These games give students a chance to become familiar with words in a simple format.  After playing the game, I usually ask students to choose a few words and use them in a sentence, tell what each word means or somehow show what they know about the word.  If you're interested in these games, you can find them in my TpT store by clicking {HERE}.

So there you have it! Vivacious vocabulary with books, songs and games! Try them out in your classroom and see how many new words your students start using in their writing!

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Happy Friday! It's the end of yet another week of summer, but I know everyone is thinking about back to school!  Have you thought about what to do in those first few minutes when students arrive in your classroom on the first day? Head over to iTeachSecond to see how I use playdough as a first day activity. You can pick up the recipe and a freebie, too!

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Happy Monday! Bet the title of my post got your attention :-) Do you have a job chart? I was looking at ones on Pinterest the other day and thinking about which one would work best in my room.  Here are a couple I like:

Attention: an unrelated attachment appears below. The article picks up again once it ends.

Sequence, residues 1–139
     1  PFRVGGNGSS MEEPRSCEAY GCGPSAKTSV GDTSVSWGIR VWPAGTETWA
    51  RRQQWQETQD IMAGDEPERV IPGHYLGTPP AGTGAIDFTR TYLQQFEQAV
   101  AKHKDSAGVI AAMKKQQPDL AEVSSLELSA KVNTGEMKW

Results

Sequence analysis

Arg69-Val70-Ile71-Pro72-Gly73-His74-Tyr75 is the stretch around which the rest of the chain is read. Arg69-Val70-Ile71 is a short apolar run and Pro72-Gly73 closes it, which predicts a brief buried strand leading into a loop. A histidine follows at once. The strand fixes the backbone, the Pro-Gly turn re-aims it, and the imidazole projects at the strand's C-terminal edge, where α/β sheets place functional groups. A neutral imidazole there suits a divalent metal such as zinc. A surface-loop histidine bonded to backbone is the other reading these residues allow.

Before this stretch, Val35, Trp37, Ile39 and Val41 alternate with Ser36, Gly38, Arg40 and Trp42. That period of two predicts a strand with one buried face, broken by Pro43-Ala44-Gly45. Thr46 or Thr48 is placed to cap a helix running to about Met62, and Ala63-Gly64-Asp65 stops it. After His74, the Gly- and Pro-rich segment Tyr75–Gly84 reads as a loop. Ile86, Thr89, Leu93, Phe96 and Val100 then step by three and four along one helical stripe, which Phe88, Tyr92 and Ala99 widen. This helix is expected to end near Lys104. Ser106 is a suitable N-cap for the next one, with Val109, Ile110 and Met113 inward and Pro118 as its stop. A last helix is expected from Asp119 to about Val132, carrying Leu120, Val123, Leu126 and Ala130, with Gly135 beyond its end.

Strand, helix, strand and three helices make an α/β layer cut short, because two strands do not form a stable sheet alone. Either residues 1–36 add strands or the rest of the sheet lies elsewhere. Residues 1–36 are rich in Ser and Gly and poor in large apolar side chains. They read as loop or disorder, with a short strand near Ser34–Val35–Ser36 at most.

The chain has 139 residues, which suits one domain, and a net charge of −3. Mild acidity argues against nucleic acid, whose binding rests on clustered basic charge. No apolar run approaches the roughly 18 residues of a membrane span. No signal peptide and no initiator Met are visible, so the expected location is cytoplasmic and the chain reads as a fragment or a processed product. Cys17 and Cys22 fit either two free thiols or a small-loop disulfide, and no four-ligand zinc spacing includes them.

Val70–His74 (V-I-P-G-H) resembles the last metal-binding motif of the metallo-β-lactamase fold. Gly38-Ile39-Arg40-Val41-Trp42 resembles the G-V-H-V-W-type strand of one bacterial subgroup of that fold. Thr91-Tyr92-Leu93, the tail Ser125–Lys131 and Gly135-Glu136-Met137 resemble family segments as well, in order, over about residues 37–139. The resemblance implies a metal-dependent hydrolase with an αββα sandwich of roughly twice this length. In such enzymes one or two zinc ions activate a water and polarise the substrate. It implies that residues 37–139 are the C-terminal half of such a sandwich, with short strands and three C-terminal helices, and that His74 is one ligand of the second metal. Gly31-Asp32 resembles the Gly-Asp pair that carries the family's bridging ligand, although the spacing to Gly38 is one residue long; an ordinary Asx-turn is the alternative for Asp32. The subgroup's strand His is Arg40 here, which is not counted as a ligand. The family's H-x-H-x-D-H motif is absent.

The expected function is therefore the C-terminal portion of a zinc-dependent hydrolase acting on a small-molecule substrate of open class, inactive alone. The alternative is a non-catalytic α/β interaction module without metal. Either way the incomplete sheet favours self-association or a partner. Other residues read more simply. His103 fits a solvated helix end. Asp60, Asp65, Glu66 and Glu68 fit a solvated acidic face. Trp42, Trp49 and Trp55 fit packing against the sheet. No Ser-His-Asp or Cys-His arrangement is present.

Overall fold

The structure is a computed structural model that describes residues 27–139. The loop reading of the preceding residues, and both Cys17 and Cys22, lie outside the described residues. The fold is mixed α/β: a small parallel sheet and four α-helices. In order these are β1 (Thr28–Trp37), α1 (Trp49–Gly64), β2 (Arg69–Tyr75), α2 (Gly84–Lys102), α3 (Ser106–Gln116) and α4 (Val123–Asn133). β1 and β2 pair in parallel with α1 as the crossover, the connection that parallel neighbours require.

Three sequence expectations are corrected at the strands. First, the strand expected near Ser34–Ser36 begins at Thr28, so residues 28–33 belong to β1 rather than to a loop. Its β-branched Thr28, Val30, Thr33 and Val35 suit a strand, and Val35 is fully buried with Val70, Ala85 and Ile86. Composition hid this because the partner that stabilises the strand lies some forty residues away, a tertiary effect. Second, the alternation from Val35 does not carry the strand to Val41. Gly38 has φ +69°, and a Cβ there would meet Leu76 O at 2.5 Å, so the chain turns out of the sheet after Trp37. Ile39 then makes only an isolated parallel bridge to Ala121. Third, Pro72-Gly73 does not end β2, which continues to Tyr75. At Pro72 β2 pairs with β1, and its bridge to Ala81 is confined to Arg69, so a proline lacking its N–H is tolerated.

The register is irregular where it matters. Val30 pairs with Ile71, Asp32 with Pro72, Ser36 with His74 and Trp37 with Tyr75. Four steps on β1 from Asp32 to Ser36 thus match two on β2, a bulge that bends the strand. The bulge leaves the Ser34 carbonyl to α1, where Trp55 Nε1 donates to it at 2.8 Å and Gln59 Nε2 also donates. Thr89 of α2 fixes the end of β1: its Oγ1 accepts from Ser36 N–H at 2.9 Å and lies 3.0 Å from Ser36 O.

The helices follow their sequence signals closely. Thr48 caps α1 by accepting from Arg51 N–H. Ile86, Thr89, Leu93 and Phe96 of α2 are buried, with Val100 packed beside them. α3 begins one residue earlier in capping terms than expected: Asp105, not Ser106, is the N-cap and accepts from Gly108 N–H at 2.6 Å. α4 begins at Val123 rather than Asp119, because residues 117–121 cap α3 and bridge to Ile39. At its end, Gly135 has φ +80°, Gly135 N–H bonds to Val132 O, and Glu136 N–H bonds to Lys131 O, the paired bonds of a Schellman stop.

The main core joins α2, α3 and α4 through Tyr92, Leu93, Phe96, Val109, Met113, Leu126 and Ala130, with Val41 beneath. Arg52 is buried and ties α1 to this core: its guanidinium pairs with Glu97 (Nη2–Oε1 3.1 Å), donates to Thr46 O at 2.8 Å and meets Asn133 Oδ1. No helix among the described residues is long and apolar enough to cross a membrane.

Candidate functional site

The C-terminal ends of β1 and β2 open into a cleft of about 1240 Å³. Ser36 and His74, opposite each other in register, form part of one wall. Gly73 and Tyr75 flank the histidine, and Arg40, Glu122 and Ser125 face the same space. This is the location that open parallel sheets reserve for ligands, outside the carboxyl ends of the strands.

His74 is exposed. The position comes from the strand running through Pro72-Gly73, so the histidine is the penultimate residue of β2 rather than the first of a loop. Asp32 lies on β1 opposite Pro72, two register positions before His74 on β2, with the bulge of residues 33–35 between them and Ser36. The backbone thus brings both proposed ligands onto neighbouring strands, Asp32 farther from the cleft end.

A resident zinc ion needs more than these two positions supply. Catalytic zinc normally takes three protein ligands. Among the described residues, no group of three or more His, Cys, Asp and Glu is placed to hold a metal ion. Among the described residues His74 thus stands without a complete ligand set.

But.... they will not BE in my room because I do not have a job chart. Yes, that's right.. a second grade classroom with no job chart! But how in the world do you keep jobs organized, you ask? And how do students take responsibility for the classroom and feel invested if there is no job chart? Let me  defend myself explain.

When I first started teaching (way back in the dinosaur age), I always had a job chart. I would scour catalogs (we didn't have Pinterest back then) each year to find a great chart to use in my classroom. I would hang it up, write the student names on the little die-cuts and thought it would be wonderful.  Nope.  Then I tried things like a rotating wheel, library cards, etc.  Still no.  Nothing ever seemed to really work for me.

Then there is the whole issue of deciding WHAT the jobs will be.  Line leader, door holder, paper passer... I don't even NEED some of these jobs in my room.  Did I need a job for everyone? Should I create jobs like "line caboose" and "person who gets to choose a book first" just to make sure everyone had a job? And if not, how do I deal with the ones who don't have a job that week? Which brings me to another issue for me... (and obviously I have issues with this as you can see)...

How do I change the jobs each week and keep track of who is supposed to be doing what? Yes, I know I can just rotate jobs clockwise (works great if you have enough jobs for everyone) or randomly pull from a bag of clothespins... but it always seemed to be a production. And then there is remembering WHO does WHAT.  Time to hand out papers... who's job is that? And can you please pass them a little faster, I'd like to get done before your next birthday. All the chairs are not pushed in... who is my "chair pusher inner" and why are you slacking? Nope, too much for me.